3 Ways to Automate Your Small Business

By Maryalene LaPonsie | Posted March 19, 2013

Business automation can save you both time and money, and it can help you expand your business. Automation doesn't have to be a mystery. Here are three simple ways that you can automate business processes in your company today.

Small Business Automation Tips

1. Automate customer and vendor contacts

Set up auto-responders to acknowledge customer emails and orders. Use templates to respond to common questions or requests. Use invoice processing software to manage accounts payable.

You may have to spend a little money on a quality CRM (customer relationship management) or invoicing software, but it can be money well spent if you are able to free-up valuable time and energy that you can re-direct to other income-producing efforts. SalesForce, Zoho and SugarCRM are popular options, but be sure to do your own research to find the right fit for your business.

2. Coordinate software and schedule automatic services

Businesses often lose time and money by duplicating efforts. Something as simple as making sure that all your employees are on the same calendar system goes a long way to help your business work more efficiently. Consider cloud services that can sync calendars with multiple devices for a seamless work experience.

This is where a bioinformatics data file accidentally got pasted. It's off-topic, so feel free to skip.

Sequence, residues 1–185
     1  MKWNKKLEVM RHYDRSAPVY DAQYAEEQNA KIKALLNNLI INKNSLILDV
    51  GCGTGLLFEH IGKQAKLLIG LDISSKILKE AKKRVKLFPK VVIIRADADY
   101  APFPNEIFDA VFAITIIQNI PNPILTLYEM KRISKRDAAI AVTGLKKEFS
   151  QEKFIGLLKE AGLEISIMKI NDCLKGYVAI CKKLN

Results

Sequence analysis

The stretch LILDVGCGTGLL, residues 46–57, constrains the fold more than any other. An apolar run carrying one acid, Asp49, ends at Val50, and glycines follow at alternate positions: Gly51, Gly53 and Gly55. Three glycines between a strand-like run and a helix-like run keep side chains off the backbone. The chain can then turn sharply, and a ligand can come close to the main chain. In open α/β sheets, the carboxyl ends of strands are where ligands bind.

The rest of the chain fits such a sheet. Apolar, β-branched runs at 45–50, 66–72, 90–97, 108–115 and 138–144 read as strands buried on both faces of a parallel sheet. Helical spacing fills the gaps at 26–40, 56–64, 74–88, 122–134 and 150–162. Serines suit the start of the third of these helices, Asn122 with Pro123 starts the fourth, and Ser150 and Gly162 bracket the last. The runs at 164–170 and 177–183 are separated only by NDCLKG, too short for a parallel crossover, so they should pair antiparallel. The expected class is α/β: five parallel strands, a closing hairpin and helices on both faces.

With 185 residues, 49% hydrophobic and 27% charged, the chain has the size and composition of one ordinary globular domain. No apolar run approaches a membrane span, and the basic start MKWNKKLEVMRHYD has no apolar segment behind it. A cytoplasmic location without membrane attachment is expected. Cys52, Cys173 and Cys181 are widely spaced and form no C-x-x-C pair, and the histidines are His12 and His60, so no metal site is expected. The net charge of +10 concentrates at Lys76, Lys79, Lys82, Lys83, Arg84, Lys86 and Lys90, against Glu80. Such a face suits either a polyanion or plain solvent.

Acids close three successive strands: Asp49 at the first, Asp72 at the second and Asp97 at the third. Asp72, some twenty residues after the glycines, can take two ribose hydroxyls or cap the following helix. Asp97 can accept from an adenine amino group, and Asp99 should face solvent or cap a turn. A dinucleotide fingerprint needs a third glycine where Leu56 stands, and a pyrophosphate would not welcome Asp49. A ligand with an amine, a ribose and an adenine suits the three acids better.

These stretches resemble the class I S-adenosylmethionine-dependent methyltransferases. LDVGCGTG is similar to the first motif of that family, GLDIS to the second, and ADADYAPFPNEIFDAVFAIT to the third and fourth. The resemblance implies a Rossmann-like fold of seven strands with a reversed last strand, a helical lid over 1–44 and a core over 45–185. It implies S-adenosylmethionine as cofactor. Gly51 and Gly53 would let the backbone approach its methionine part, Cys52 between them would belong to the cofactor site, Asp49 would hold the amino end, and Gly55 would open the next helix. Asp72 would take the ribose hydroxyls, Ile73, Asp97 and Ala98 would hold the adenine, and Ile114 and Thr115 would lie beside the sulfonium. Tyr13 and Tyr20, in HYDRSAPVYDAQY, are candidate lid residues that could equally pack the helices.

In addition, create an automatic schedule for essential tasks such as virus scans and data back-ups. Not only does automating these tasks save time, it also guards against a catastrophic loss of data. Norton and Trend Micro are two companies that offer automated security and storage solutions.

3. Make marketing automatic

There are numerous ways to automate your marketing efforts. AWeber and Constant Contact can launch email and social media marketing campaigns as well as manage email newsletters and auto-responders. In addition, you can use social media dashboards such as HootSuite to schedule postings on multiple platforms.

While automation can have its benefits, be careful not to overdo it. For example, there is speculation that Facebook postings made via a third-party dashboard are less likely to make it into fan news feeds than those manually entered. The best approach may be to balance some regular postings through a dashboard with status updates entered onsite.

Be sure you don't automate your business to the point where it loses its personal touch. There are certainly times when a slower customer-service experience is preferable for both your customers and your business.

Maryalene LaPonsie has been writing professionally for more than a decade on topics including education, insurance and personal finance. She holds a Bachelor's Degree in Political Science from Western Michigan University.

Do you have a comment or question about this article or other small business topics in general? Speak out in the SmallBusinessComputing.com Forums. Join the discussion today!

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